Romance Writers of America Board Resigns, Calls Special Election

[This is the seventh update in a series which includes “Courtney Milan Suspended by RWA, Banned from Leadership”, “Courtney Milan Controversy Decimates RWA Leadership”, “As Criticism Snowballs, RWA Keeps Trying to Justify Treatment of Courtney Milan”, “Kathryn Davis Says RWA Encouraged Her To File Ethics Complaint Against Courtney Milan”, “As More Issues Raised, RWA President Resigns, RITA Awards Postponed, and Many Publishers Withdraw Sponsorship of RWA Conference”, and “RWA Las Vegas Chapter Disbands in Aftermath of Courtney Milan Censure, RWA Appoints Interim Executive Director”.]

The remaining members of the Romance Writers of America Board of Directors resigned from office today, February 12. Prior to their resignations, the Board set a special election for the RWA membership to elect a newly constituted Board of Directors to serve out their current terms (through August 31, 2020). The special election will begin on Friday, March 13, and will end on Friday, March 20, at 11:59 p.m. CDT. Details about the election process are here.

The complete Board resignation announcement is here — “RWA Board Members Set Special Election, Announce Resignations”.

“We believe that stepping down to allow for new leadership chosen by the membership is in the best interests of the association. The Board has always wanted what is best for Romance Writers of America, and we still do. This desire has been the driving force behind every decision we have made to try to navigate RWA during this difficult time. We have tried hard to keep the best interests of RWA front and center as we have confronted the challenges of the last eight weeks.

“We believe that the Board must have the trust of the membership and that this is the best way forward to achieve that. We believe RWA can and will be a place of inclusion and respect. We tender our resignations in support of the organization and its mission.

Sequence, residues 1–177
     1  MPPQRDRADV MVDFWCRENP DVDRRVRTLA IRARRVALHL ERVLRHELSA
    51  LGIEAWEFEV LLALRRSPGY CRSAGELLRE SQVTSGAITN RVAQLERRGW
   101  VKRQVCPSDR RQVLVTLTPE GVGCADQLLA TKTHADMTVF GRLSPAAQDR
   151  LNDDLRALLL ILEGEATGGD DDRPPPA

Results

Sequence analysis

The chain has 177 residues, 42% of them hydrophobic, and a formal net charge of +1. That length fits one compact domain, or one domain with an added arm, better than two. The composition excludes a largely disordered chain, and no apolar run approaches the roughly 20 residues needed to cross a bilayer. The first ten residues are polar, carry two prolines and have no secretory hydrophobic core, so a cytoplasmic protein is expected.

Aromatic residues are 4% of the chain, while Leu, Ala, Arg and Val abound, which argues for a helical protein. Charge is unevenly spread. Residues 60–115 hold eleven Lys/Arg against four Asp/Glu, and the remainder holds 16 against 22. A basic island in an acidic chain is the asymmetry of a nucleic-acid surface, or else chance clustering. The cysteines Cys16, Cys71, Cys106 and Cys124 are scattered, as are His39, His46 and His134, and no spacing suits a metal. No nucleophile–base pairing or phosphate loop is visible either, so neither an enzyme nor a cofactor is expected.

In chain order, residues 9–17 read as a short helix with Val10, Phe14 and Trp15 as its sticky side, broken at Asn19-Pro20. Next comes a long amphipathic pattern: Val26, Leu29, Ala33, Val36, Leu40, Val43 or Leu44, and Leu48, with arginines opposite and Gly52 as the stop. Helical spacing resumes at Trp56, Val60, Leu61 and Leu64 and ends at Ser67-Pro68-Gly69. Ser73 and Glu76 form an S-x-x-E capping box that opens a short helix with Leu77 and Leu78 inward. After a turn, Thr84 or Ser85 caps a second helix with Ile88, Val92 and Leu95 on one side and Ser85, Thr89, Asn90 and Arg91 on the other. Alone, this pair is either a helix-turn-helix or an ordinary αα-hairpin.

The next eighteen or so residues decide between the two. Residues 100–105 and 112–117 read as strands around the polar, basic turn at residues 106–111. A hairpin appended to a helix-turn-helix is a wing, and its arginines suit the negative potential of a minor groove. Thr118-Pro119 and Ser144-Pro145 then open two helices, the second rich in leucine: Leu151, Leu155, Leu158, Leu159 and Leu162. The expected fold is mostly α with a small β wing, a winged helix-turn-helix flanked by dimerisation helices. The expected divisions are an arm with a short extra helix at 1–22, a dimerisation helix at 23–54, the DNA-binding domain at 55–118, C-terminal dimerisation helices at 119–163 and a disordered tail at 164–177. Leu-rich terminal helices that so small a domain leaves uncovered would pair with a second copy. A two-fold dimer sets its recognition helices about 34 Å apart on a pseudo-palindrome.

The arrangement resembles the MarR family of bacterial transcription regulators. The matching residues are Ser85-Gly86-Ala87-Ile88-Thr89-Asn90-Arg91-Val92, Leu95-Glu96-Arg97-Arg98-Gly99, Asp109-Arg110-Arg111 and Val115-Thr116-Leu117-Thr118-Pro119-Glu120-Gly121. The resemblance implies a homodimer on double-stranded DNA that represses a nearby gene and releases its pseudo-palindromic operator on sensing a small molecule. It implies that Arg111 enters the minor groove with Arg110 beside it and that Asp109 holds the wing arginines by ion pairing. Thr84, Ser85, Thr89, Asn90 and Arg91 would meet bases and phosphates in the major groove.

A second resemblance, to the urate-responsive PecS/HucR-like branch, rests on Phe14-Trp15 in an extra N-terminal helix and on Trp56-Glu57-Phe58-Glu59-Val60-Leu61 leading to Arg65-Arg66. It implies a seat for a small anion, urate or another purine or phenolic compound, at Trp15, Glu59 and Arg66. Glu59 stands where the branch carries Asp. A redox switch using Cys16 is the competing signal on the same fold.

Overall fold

“Under RWA’s Bylaws and the Texas nonprofit corporation law, RWA must be governed by a Board of Directors. In order to ensure continuity of governance and based on legal counsel’s advice, we voted to set special elections for all board positions beginning on March 13, 2020 (30 days from today) and ending one week later (on March 20, 2020). This will provide RWA’s General members with the opportunity to elect an entirely new Board of Directors. The new Board members will be elected to fulfill the remaining Board terms that end on August 31, 2020, and no individual elected will automatically accede to any other office following their term. This special election will not replace the normal 4th quarter election cycle as required by RWA’s Bylaws, which will occur in August 2020.      

“Our decision to resign will not affect the ongoing independent audit being conducted by Pillsbury Winthrop Shaw Pittman, LLP, or the Board’s commitment to share the audit report with the membership in unedited, non-redacted form.” –Nan Dixon (Treasurer), Hanna Rhys Barnes, Kate McMurray, Maria Powers, Mellanie Szereto, Eliana West (Directors-at-Large)

PAST RWA PRESIDENTS RESIGN. Before the Board’s action today, another pair of past RWA Presidents Leslie Kelly and Dee Davis had proposed a way forward, which the Board did not accept. Now Leslie Kelly has resigned.

PAST PRESIDENT HELENKAY DIMON QUITS. Dimon, who served as President of the Romance Writers of America in 2018-2019, also announced she was leaving the organization after rejection of the Kelly/Davis plan.

FOLLOWING THE BOARD OUT THE DOOR. Immediately after today’s announcement, this member tweeted a resignation:

Ellie Finch

In the past few weeks many other members tweeted that they had resigned, are intending to let their membership lapse, or are resigning from a chapter position. Claire Ryan’s “Implosion of the RWA” lists over two dozen names in the entry for February 11.

CIMWRA HOLDING DISSOLUTION VOTE. CIMRWA, the Cultural, Interracial, and Multicultural Chapter of Romance Writers of America, a chapter dedicated to advocating diversity and inclusion within RWA and publishing as a whole wrote, is voting on whether to dissolve. Thread starts here.

MEDIA COVERAGE. Quill & Quire interviewed Farah Heron about her resignation as Toronto RWA chapter president: “Farah Heron on stepping down as Toronto Romance Writers president and a future outside the RWA”.

…Until about six weeks ago, Toronto Romance Writers – an official chapter of the RWA – had been a thriving group, serving more than 100 local members. But the fallout of the group’s association with the U.S.–based parent organization has been severe. Many authors are choosing not to renew their memberships, and now Farah Heron, author of the bestselling novel The Chai Factor, is stepping down from her position as chapter president….